Why The First Industrial Sewing Factory Burned Down

industrial sewing machine

The industrial sewing machine is an essential part of modern textile industries and is built upon an exceptionally versatile foundation, but it took a lot of time and countless iterations before it reached that level.

Whilst the first sewing machine was believed to have been invented in 1790 by Thomas Saint, the English inventor’s ambitious design was largely impractical as designed, reliant on the less strong chain stitching method typically used in modern sewing for surface-level embroidery.

After four decades of prototyping, iteration and development, the first sewing machine to see wide industrial use was invented in 1829 by French tailor Barthélemy Thimonnier with the assistance of mining engineer Auguste Ferrand.

Mr Thimonnier’s system used a hooked needle to grab the thread to produce a chain stitch as opposed to the more common lockstitch used today with single-needle sewing machines or alongside an overlock stitch with industrial machines.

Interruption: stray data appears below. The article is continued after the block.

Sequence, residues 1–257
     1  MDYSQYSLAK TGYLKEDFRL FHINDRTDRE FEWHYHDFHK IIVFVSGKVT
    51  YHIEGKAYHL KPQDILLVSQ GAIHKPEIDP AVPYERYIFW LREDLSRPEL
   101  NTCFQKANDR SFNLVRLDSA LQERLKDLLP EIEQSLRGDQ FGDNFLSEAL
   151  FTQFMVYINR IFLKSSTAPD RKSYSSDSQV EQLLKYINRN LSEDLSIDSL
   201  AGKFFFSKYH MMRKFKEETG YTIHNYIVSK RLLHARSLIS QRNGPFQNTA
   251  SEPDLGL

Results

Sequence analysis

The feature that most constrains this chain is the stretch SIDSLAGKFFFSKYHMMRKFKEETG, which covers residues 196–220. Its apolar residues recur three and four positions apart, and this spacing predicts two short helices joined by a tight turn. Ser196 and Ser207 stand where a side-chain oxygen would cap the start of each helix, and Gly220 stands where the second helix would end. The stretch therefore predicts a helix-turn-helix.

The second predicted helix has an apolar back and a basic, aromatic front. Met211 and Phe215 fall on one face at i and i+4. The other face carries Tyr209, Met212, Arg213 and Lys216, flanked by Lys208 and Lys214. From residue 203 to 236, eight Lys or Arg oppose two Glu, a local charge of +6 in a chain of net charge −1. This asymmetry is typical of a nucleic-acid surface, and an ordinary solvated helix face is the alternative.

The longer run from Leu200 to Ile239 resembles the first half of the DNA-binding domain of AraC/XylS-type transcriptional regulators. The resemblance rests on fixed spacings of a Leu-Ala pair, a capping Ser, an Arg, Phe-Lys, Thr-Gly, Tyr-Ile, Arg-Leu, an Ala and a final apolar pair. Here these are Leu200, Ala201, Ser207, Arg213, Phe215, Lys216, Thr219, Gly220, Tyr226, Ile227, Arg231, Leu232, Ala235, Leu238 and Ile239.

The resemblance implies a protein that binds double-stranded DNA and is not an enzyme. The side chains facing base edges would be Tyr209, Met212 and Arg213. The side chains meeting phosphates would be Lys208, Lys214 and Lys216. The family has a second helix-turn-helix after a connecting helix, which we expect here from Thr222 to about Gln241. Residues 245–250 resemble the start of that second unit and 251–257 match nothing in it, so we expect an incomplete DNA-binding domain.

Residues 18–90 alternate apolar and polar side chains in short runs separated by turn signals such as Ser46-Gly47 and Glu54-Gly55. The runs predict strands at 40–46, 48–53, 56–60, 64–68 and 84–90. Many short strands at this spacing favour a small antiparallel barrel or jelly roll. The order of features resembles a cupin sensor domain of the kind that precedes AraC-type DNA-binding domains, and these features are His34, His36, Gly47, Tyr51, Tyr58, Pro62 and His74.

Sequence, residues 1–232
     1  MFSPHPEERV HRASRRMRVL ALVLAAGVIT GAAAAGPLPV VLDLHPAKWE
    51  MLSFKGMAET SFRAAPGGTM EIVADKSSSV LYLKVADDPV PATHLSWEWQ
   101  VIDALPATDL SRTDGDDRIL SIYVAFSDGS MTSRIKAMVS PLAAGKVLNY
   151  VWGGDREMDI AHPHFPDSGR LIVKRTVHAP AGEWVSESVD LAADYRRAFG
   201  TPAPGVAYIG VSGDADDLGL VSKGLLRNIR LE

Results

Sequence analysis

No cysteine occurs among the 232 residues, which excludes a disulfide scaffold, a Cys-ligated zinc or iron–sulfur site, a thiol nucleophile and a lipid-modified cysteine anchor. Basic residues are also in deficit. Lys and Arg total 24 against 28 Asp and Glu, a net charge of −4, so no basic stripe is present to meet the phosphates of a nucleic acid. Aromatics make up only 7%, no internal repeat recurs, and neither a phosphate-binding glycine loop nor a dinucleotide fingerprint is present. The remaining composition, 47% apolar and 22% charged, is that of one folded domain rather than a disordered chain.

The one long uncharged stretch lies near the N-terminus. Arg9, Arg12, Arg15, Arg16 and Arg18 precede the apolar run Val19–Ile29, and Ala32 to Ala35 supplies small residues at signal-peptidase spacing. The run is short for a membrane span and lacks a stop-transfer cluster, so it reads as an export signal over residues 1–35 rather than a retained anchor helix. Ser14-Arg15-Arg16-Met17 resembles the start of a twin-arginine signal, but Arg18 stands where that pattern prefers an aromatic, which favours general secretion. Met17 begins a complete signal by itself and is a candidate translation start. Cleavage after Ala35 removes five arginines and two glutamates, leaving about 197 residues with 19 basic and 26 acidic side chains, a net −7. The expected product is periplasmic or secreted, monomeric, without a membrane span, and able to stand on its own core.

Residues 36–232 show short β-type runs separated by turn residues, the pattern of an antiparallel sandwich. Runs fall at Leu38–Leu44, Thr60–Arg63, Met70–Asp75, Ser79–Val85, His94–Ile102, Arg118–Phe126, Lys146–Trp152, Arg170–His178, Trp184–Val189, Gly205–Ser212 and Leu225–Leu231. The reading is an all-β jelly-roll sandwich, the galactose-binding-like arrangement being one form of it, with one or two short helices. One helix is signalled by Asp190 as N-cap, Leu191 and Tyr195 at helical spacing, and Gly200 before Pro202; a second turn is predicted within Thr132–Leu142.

Regardless, he not only had the machine but he also had considerable connections, enough to get the resources together to create the first machine-based clothing factory in the world that would be put to work quickly putting together army uniforms.

This is where Mr Thimonnier’s fortunes would start to turn sour, however. A group of as many as 200 tailors would head to the factory on rue de Sévres on 20th January 1931 inspired by the English Luddites several decades previously.

They managed to destroy all 80 of the machines that had been created in contrast to official reports of the time and burned the factory down, Mr Thimonnier escaping to pick up the pieces and build a better machine.

However, when protestors destroyed that machine as well, Mr Thimonnier retired and quietly developed his designs until he died in poverty in 1857.

The year after this incident, American Walter Hunt would invent the lockstitch sewing machine although it would take the work of John Fisher, Isaac Singer and Elias Howe to refine this concept into the modern sewing industry we know today.